Presentation on theme: "Human Trials Gold standard: Controlled, double-blind; versus greater potential of whole food diet Vitamins/minerals/etc. for learning and behavior (Controlled,"— Presentation transcript:
Human Trials Gold standard: Controlled, double-blind; versus greater potential of whole food diet Vitamins/minerals/etc. for learning and behavior (Controlled, double-blind, successful, but needs follow-up with whole diet) Mediterranean diet for the prevention of cardiovascular diseases (Controlled, but not blind; uses whole foods with resounding success)
Title: The Mediterranean-style diet for the prevention of cardiovascular diseases Author(s): de Lorgeril M, Salen P Source: PUBLIC HEALTH NUTRITION 9 (1A): Sp. Iss. SI, FEB 2006 Abstract: Objectives: To discuss present knowledge about Mediterranean diet and cardiovascular diseases. Design: Review of existing literature. Setting and Results: Epidemiological studies as well as randomised dietary trials suggest that Mediterranean diet may be important in relation to the pathogenesis (and prevention) of CHD. For instance, a striking protective effect of an ALA-rich Mediterranean diet was reported in the Lyon Diet Heart Study with a 50 to 70% reduction of the risk of recurrence after 4 years of follow-up in CHD patients. According to our current knowledge, dietary ALA should represent about 0.6 to 1% of total daily energy or about 2 g per day in patients following a Mediterranean diet, whereas the average intake in linoleic acid should not exceed 7 g per day. Supplementation with very-long-chain omega-3 fatty acids (about 1 g per day) in patients following a Mediterranean type of diet was shown to decrease the risk of cardiac death by 30% and of sudden cardiac death by 45% in the GISSI trial. Conclusions: In the context of a diet rich in oleic acid, poor in saturated fats and low in omega-6 fatty acids (a dietary pattern characterising the traditional Mediterranean diet), even small doses of omega-3 fatty acids (about 1 g EPA+DHA the form of fish oil capsules or 2 g alpha-linolenic acid in canola oil and margarine) might be very protective. These data underline the importance of the accompanying diet in any dietary strategy using fatty acid complements. Addresses: de Lorgeril M (reprint author), Univ Grenoble 1, NVMCV, Grenoble, France Univ Grenoble 1, NVMCV, Grenoble, France; Address:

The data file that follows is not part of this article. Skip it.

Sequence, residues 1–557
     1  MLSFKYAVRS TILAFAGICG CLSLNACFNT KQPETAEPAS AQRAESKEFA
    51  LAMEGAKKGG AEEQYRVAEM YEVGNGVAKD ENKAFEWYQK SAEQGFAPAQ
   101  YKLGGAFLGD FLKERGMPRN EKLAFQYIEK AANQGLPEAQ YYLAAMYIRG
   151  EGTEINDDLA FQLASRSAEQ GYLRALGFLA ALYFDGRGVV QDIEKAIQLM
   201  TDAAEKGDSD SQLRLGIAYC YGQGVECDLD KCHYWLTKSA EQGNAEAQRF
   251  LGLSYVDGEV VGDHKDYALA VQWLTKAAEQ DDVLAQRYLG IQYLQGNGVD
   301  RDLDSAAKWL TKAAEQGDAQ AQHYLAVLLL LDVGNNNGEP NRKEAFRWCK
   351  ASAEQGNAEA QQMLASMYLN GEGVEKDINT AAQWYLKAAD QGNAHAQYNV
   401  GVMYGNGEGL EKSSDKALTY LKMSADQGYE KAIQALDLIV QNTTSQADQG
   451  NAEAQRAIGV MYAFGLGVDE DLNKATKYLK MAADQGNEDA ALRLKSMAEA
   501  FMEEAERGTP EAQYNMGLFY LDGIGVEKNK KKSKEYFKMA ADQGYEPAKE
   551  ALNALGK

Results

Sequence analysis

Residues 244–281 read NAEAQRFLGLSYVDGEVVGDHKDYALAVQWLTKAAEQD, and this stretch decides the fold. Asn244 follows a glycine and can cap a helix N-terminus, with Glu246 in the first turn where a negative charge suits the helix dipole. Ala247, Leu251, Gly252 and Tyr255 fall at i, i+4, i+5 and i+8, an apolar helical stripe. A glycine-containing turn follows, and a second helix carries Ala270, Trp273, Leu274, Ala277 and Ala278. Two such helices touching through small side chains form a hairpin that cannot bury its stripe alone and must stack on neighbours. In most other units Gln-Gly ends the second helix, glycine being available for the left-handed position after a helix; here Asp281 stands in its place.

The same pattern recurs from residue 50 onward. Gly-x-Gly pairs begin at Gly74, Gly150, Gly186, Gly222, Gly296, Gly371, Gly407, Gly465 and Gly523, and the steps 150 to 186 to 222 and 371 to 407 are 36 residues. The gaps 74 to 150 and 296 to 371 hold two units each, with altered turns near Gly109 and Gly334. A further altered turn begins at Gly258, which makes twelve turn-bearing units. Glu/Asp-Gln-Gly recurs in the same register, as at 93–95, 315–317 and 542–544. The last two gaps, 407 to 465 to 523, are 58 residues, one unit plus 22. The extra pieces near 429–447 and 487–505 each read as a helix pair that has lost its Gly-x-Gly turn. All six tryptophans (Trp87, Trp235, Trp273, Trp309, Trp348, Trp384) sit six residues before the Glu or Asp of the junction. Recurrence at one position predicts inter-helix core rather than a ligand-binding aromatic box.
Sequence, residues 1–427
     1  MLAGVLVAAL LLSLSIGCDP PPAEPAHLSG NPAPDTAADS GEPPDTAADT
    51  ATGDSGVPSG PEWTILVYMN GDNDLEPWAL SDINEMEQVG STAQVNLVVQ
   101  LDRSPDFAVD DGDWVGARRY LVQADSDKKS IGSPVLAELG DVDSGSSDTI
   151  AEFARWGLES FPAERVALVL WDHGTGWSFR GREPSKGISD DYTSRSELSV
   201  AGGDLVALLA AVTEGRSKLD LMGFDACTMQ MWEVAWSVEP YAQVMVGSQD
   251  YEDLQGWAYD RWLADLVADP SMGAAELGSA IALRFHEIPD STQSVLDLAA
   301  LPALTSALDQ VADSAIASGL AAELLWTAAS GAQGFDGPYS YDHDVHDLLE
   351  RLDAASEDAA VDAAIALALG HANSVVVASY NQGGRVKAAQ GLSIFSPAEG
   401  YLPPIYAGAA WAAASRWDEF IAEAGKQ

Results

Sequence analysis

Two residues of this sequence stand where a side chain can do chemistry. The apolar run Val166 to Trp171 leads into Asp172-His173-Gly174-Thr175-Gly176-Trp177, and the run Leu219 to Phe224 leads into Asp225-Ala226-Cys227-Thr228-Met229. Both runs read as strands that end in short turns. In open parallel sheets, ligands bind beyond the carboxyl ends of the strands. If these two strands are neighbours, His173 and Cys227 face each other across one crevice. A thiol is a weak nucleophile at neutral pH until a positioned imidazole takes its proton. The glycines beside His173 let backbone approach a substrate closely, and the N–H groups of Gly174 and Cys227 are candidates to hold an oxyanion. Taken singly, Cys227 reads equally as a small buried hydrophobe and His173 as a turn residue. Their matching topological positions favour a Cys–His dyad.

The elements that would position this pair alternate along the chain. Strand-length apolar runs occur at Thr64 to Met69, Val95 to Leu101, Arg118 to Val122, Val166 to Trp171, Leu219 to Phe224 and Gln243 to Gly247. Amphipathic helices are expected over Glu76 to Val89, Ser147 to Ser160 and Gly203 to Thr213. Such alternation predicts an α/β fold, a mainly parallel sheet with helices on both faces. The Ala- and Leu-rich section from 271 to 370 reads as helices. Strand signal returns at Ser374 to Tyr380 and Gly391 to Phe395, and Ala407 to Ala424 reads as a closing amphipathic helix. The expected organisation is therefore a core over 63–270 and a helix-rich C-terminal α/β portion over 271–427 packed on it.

Diet & Behavior Learning Mental Health
Title: The effect of vitamin-mineral supplementation on juvenile delinquency among American schoolchildren: A randomized, double blind placebo-controlled trial Schoenthaler SJ, Bier ID JOURNAL OF ALTERNATIVE AND COMPLEMENTARY MEDICINE 6 (1): 7-17 FEB 2000 Abstract: … Objectives: To determine if schoolchildren, aged 6 to 12 years, who are given low dose vitamin-mineral tablets will produce significantly less violence and antisocial behavior in school than classmates who are given placebos. Design: A stratified randomized, double-blind, placebo-controlled trial with pretest and posttest measures of antisocial behavior on school property. Settings and Subjects: Two "working class," primarily Hispanic elementary schools in Phoenix, Arizona. Approximately half of the potential schoolchildren participated, i.e., 468 students aged 6 to 12 years. Intervention: Daily vitamin-mineral supplementation at 50% of the U.S. recommended daily allowance (RDA) for 4 months versus placebo. The supplement was designed to raise vitamin-mineral intake up to the levels currently recommended by the National Academy of Sciences for children aged 6 to 11 years. Results: Of the 468 students randomly assigned to active or placebo tablets, the 80 who were disciplined at least once between September 1st and May 1st served as the research sample. During intervention, the 40 children who received active tablets were disciplined, on average, 1 time each, a 47% lower mean rate of antisocial behavior than the times each for the 40 children who received placebos (95% confidence interval, 29% to 65%, <5.020). The children who took active tablets produced lower rates of antisocial behavior in 8 types of recorded infractions: threats/fighting, vandalism, being disrespectful, disorderly conduct, defiance, obscenities, refusal to work or serve, endangering others, and non-specified offenses.